Cameroonian refugees have begun moving to border communities in Cross River and the Taraba States of Nigeria as destitute and are eking out a living in low-wage jobs. According to a previous statement by the United Nations High Commissioner for Refugees (UNHCR), they are crossing the border into the two states, thus bringing the number of refugees to around 100,000.
In the last two weeks, some 8,000 people have fled into Nigeria from Cameroon to escape clashes between the armed security forces and armed separatists in the latter country, the UN refugee agency said on Thursday.
While fighting so far is within Cameroonian borders, there are growing fears its escalation could destabilise all of Central Africa and parts of West Africa.
The fleeing refugees are mostly young people and women who have witnessed violence firsthand. A 39-year-old mother of four told UNHCR, “I could not take any clothes. There was shooting—they killed my uncle and shot my cousin.”
Janet Obi, who used to trade in cocoa and clothes back home in Cameroon, is now tending cornfields in a village in Nigeria, the Qatar-based media company Al Jazeera reported in August.
Stella Obi (no relation of Janet) told Al Jazeera as she worked the soil in a small vegetable field, “I get paid between N500 to N1,000 (about $2 to $4) a day. I never tasted this kind of suffering when I was in my village in Cameroon.”
These refugees are “employed as cheap day labourers, mostly in cocoa fields”, Chiara Cavalcanti of UNHCR told Africa Renewal… Just as it is for western Cameroon, cocoa is Cross River’s main commercial agricultural product.
Some of the refugees fleeing violence reportedly arrive the border with gunshot wounds. According to new arrivals, most come from areas near the border and have trekked across savannah and forests to reach Nigeria.
In October 2017, an armed revolt erupted in Cameroon’s English-speaking Northwest and Southwest regions bordering Nigeria, where insurgents want to break with the French-speaking bulk of the country.
While the conflict has claimed more than 3,000 lives, according to tolls compiled by non-governmental organisations, the UN estimates that more than 679,000 have been displaced from their homes.
Refugees in Nigeria are “being sheltered in public schools and health facilities or with local families”, the UNHCR said.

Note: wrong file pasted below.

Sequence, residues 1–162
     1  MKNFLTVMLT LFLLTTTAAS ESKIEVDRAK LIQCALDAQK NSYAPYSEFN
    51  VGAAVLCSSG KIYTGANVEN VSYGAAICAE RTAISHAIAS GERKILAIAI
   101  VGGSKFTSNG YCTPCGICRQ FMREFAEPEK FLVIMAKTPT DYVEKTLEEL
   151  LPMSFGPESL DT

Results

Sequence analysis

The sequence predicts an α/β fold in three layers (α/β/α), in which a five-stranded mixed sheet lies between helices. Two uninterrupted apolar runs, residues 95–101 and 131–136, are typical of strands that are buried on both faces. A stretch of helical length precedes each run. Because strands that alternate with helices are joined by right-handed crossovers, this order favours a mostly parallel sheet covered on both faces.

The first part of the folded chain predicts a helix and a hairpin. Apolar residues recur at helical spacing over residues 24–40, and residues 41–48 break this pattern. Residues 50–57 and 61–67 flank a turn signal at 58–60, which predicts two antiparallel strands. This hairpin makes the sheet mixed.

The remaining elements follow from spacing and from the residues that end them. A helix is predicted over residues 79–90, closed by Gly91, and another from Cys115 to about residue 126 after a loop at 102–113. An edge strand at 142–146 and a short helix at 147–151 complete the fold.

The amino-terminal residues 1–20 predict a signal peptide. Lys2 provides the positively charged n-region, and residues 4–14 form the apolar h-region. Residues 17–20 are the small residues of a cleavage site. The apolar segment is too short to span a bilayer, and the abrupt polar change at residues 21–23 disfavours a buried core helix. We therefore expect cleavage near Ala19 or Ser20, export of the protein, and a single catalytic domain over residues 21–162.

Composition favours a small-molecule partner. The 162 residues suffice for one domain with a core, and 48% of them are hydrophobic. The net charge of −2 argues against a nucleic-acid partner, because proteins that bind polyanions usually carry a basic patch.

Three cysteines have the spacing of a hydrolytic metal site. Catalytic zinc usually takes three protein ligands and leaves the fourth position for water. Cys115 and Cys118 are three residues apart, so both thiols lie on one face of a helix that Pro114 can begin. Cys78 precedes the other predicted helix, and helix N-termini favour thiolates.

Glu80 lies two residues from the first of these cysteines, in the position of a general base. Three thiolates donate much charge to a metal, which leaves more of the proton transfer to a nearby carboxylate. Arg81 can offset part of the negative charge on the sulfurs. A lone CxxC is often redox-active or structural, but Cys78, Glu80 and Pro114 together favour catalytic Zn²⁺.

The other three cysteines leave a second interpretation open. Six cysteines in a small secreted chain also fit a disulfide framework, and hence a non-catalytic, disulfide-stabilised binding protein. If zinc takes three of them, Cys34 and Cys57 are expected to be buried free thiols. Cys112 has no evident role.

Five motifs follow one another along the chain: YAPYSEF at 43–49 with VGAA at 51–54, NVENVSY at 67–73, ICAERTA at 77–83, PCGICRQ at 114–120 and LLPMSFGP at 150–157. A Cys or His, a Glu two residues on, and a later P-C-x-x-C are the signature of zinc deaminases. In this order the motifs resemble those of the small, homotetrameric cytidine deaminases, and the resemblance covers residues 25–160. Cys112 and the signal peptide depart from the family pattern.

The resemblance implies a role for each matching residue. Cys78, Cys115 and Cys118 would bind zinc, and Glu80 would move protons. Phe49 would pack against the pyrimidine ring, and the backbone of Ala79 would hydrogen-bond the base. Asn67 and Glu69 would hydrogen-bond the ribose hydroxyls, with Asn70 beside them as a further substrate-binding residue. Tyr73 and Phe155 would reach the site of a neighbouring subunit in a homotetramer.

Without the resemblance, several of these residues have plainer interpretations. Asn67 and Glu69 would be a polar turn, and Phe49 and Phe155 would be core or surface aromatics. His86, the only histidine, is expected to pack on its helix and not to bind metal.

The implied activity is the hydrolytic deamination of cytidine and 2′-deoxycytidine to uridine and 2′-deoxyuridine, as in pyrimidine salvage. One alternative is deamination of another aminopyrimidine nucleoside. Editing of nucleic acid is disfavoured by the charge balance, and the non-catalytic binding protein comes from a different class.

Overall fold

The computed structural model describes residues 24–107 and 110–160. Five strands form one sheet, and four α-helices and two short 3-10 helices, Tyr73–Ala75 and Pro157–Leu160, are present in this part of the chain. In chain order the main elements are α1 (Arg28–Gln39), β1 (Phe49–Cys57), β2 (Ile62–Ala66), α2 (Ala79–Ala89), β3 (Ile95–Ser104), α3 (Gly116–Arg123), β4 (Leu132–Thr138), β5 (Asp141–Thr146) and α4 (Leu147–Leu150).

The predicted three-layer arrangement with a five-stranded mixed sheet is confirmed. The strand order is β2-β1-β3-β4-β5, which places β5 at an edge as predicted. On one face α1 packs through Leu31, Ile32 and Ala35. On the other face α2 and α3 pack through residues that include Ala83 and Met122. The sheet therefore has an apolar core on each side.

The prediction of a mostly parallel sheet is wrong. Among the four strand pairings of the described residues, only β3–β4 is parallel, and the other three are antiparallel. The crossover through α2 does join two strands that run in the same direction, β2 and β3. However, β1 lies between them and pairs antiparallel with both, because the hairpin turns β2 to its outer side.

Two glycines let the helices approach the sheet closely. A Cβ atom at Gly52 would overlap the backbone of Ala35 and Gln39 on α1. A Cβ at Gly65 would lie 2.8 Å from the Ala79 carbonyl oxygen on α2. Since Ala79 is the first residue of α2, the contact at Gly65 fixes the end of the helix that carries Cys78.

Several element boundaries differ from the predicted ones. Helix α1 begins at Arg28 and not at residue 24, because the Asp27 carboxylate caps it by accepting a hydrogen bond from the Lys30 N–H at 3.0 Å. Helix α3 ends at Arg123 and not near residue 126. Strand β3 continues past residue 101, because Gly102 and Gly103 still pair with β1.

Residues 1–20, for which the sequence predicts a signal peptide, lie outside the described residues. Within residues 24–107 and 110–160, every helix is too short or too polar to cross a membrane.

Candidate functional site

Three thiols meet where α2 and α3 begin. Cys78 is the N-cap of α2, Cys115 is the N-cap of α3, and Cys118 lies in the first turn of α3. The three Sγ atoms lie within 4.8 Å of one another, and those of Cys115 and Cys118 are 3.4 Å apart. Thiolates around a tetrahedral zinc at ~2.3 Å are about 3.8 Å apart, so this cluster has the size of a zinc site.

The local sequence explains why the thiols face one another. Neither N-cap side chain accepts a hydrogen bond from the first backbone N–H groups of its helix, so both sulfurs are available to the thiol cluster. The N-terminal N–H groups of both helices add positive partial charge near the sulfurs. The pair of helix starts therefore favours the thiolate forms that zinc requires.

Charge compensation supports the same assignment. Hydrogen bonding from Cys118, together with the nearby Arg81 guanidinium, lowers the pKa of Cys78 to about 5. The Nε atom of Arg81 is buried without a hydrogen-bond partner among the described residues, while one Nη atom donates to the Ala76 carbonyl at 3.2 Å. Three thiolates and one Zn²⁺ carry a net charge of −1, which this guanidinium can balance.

About 51,000 registered refugees had been taken in by some 87 communities in four Nigerian states, before the latest influx.
UNHCR’s Deputy Representative in Nigeria, Roger Hollo, said: “in addition, there are four settlements where UNHCR and humanitarian partners are providing protection, food, livelihood, shelter and healthcare.”
‘’Refugees also need support to become self-reliant. With access to education, health services and labour markets, they can take care of their families and give back to the local communities hosting them.”
UN Secretary-General, António Guterres, had in September 2017 urged Cameroonian authorities to “promote measures of national reconciliation aimed at finding a durable solution to the crisis, including by addressing its root causes.”
In her report to the 39th session of the UN’s Human Rights Council that September, UN High Commissioner for Human Rights, Michelle Bachelet, mentioned the crisis in Cameroon: “Fighting has intensified in the so-called anglophone regions between security forces and armed groups.
“The government has not acted to promote the conference on dialogue suggested by religious leaders, and there is still no mechanism in place which could envisage a halt in hostilities in the short term.”
David Malan of the local Norwegian Refugees Council Office claimed in an interview that as at 2017, about 437,000 people were internally displaced across the affected provinces, pointing out that most displaced people were taking refuge in remote rural areas or in surrounding bushlands and forests.
The World Bank had stated that Cameroon’s economic growth “depends on the government’s ability to successfully handle the violent secessionist conflict in the two anglophone regions.”
The western provinces, a hotbed of the crisis, produce cocoa and coffee, the country’s two main agriculture exports. Oil production, which accounts for an estimated 40% of the country’s GDP, mostly takes place on the coast of the Southwest Region.
The conflict, however, started as a struggle for equality and justice by citizens of southern Cameroon. Today, it has spiralled into a full-blown crisis. Rebel groups seeking an end to what they consider domination of the anglophone south by the francophone north have taken up weapons against the government’s security forces, causing hundreds to die while tens of thousands are forced to flee their homes.
Factories have been shuttered, roads have become impassable, warehouses have been destroyed, and truck drivers are routinely kidnapped for ransom.
The current crisis heated up in 2016 when activists in Cameroon’s western provinces protested the official use of the French language in the predominantly anglophone regions.